And last – but not least – all consumers will have to be warned that skin contact with cryogenic hydrogen liquid or its vapors can cause burns and tissue damage.
Has anyone developed a reliable, practical and affordable fuel cell for automotive applications? Is it possible to develop a fuel cell that will last the expected life of the vehicle? How will we distribute, install, maintain, collect and recycle the exotic and sometimes highly corrosive chemicals used to sustain fuel cell reactions?
Until there are suitable answers to these questions, automotive fuel cells are, and will remain, interesting laboratory experiments. As a service to your readers, BusinessWeek’s editorial evaluation should reflect this reality.
Hydrogen and the Environment
Before we waltz all starry eyed into a hydrogen economy, we need to answer some very tough questions. Remember the Periodic Table that your science teacher showed you in High School? Where is hydrogen on that table and why is it there?
The short answer. Hydrogen is a very reactive element. It will readily combine with any other element or chemical it contacts in the environment that has a suitable electron structure. Because it is lighter than air, hydrogen always dissipates upward.
In our existing world, we use tons of liquid hydrogen and millions of cubic feet of hydrogen gas every year. But most of these applications are for industrial use. In theory, hydrogen is used under carefully controlled conditions using specified procedures by trained personnel. Now we propose to make hydrogen a widely distributed fuel for mobile and stationary applications. Who will use this fuel? Millions of people with little or no training or real concern for the commodity they are handling. Leaks are inevitable. Accidental release will be a fact of life.
As this highly reactive gas ascends upward into the atmosphere, it will combine with oxygen and form water droplets. Will this contribute to global warming? Or cooling? And will hydrogen reach the ozone layer? If so, do we humans run the risk of destroying the ozone layer with our hydrogen energy solution?
The average composition of the low atmosphere (up to 15 kms) includes: nitrogen, oxygen, argon, carbon dioxide, ozone, methane, nitric oxide, hydrogen, nitrous oxide, carbon monoxide, and water vapor. The ozone layer or ozonosphere is generally the region in the upper atmosphere between 15-40 kms. The ozone layer contains nitrogen, oxygen, argon, hydrogen, hydroxyl and methyl radicals, hydrogen peroxide, and water vapor. There are continual photochemical reactions in the stratosphere because of the influx of short-wave radiation. Ozone is continually created and destroyed in catalytic reactions with oxides of hydrogen, nitrogen, and chlorine.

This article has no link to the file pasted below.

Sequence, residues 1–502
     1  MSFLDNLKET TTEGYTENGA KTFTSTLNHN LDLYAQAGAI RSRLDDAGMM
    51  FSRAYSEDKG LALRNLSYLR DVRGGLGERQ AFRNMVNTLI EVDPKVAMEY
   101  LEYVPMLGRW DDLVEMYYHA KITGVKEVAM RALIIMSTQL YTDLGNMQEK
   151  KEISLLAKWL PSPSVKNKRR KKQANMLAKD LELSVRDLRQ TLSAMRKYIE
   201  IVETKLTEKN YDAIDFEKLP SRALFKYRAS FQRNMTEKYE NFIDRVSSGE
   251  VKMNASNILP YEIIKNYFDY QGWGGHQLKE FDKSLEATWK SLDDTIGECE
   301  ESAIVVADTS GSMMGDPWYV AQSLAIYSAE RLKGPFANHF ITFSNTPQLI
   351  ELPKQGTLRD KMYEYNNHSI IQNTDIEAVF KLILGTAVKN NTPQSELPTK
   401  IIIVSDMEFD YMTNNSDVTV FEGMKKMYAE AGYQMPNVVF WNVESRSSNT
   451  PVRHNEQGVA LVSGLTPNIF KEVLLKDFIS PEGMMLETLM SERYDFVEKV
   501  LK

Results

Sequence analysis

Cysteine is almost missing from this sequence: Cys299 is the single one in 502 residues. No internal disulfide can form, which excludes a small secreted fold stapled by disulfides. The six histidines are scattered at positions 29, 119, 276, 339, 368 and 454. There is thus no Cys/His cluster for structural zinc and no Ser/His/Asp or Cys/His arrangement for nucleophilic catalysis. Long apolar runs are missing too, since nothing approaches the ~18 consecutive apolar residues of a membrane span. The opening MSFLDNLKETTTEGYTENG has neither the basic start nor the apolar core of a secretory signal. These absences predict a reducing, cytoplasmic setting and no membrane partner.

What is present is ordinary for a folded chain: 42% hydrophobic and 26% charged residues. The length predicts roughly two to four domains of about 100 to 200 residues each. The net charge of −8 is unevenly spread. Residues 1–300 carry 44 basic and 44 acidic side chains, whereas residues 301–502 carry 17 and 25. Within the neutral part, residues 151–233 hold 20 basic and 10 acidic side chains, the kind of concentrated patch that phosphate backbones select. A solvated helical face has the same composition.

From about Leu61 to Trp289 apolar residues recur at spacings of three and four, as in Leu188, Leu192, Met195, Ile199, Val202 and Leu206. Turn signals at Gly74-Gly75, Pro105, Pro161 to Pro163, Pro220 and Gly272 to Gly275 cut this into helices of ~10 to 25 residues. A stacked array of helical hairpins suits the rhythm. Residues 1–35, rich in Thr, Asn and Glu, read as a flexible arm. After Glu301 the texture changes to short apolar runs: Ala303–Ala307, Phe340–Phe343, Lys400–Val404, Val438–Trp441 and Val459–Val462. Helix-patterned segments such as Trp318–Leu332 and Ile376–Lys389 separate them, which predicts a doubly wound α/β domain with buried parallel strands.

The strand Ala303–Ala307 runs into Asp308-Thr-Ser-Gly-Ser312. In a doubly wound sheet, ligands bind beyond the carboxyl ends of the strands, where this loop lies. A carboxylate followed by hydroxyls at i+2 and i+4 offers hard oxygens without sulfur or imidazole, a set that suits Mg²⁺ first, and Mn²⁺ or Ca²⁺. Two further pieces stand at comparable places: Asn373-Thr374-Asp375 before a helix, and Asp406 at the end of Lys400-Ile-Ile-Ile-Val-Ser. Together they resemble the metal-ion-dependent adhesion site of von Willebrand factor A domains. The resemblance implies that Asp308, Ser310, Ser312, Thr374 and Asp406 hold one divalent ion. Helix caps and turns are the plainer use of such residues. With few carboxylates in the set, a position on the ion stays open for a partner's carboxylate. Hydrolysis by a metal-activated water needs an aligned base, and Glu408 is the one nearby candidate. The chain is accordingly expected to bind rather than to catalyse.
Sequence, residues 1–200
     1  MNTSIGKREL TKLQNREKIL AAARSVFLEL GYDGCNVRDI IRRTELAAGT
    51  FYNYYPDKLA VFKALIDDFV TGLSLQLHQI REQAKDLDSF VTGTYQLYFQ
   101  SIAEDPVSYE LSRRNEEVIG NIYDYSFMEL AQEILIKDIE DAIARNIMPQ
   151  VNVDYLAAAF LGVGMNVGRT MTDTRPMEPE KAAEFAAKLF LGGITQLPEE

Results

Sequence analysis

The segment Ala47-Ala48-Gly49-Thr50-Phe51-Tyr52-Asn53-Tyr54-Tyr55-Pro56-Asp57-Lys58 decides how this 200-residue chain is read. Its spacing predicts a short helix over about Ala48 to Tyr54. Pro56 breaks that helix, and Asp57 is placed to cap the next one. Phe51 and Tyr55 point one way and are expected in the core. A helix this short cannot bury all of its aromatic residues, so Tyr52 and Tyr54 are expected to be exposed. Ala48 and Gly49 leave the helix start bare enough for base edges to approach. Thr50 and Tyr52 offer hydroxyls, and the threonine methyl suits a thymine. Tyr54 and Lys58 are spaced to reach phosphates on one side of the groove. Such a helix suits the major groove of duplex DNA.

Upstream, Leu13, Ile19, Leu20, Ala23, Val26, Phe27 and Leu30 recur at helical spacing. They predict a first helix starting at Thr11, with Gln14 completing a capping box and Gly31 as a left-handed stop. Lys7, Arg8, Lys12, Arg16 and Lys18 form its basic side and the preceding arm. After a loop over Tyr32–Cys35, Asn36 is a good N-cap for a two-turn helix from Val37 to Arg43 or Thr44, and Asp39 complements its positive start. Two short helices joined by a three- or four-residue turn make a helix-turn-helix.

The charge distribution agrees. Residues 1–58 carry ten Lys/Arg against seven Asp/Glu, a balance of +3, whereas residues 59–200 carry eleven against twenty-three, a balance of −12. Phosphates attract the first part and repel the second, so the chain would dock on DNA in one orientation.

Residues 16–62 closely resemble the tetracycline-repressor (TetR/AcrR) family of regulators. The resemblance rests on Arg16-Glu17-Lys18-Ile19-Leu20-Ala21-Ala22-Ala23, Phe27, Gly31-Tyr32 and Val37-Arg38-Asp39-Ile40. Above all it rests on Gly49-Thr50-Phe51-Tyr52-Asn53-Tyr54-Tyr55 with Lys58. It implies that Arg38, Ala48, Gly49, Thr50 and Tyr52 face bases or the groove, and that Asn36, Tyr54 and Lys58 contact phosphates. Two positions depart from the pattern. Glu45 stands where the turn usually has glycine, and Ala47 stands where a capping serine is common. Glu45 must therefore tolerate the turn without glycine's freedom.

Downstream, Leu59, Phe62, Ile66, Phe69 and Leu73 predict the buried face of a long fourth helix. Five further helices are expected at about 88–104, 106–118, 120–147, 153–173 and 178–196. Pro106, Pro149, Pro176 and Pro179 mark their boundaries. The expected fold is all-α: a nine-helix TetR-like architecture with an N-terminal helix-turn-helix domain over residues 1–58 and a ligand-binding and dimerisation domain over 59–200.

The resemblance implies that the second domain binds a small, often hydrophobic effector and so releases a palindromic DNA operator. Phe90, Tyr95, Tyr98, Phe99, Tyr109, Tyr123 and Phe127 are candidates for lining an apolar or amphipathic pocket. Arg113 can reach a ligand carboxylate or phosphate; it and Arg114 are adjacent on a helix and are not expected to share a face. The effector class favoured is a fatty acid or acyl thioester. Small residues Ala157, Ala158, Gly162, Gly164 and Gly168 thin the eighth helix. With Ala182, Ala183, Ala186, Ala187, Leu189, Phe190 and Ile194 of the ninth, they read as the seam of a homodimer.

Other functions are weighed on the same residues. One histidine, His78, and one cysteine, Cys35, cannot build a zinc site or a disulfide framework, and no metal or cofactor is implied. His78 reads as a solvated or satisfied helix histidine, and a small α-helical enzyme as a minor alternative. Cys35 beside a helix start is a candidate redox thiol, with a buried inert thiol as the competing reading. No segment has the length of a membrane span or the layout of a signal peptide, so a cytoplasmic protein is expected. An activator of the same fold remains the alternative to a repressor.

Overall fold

What are the potential chemical reactions if excess hydrogen accumulates in the atmosphere? The answer to this question is presently the subject of scientific debate.
Hydrogen as a Fuel.
We have to remember that hydrogen is not a source of energy. It is merely a carrier of energy.
Hydrogen is a manufactured product. Your article glosses over and ignores a key fact about the production of hydrogen.
It’s energy intensive.
Using existing and proven technology, it takes substantially more energy to make, compress, liquefy, store and distribute hydrogen than we can expect to get from hydrogen. If electricity is used to make hydrogen by electrolysis, and the hydrogen thus produced is used in an automobile fuel cell, at least 45 percent of the original energy used to manufacture the hydrogen will be wasted by the time it is consumed in a fuel cell using best available technology. The net energy efficiency of a vehicle which burns hydrogen as a fuel is substantially worse.
Where will we get this energy?
Your article ignores the facts. Biomass collection, transportation, processing and distribution yields little net energy and assumes the use of gasoline or diesel fuel. As the reality of oil depletion becomes a factor in public policy, the direct use of available oil resources for energy consumption will take precedence over their indirect use to produce another form of energy. The use of biomass for hydrogen production is problematic because it is not, on a net energy basis, a self sustaining process nor is there enough arable land on this planet to grow the crops that would be necessary to support a biomass solution to the emerging energy crisis.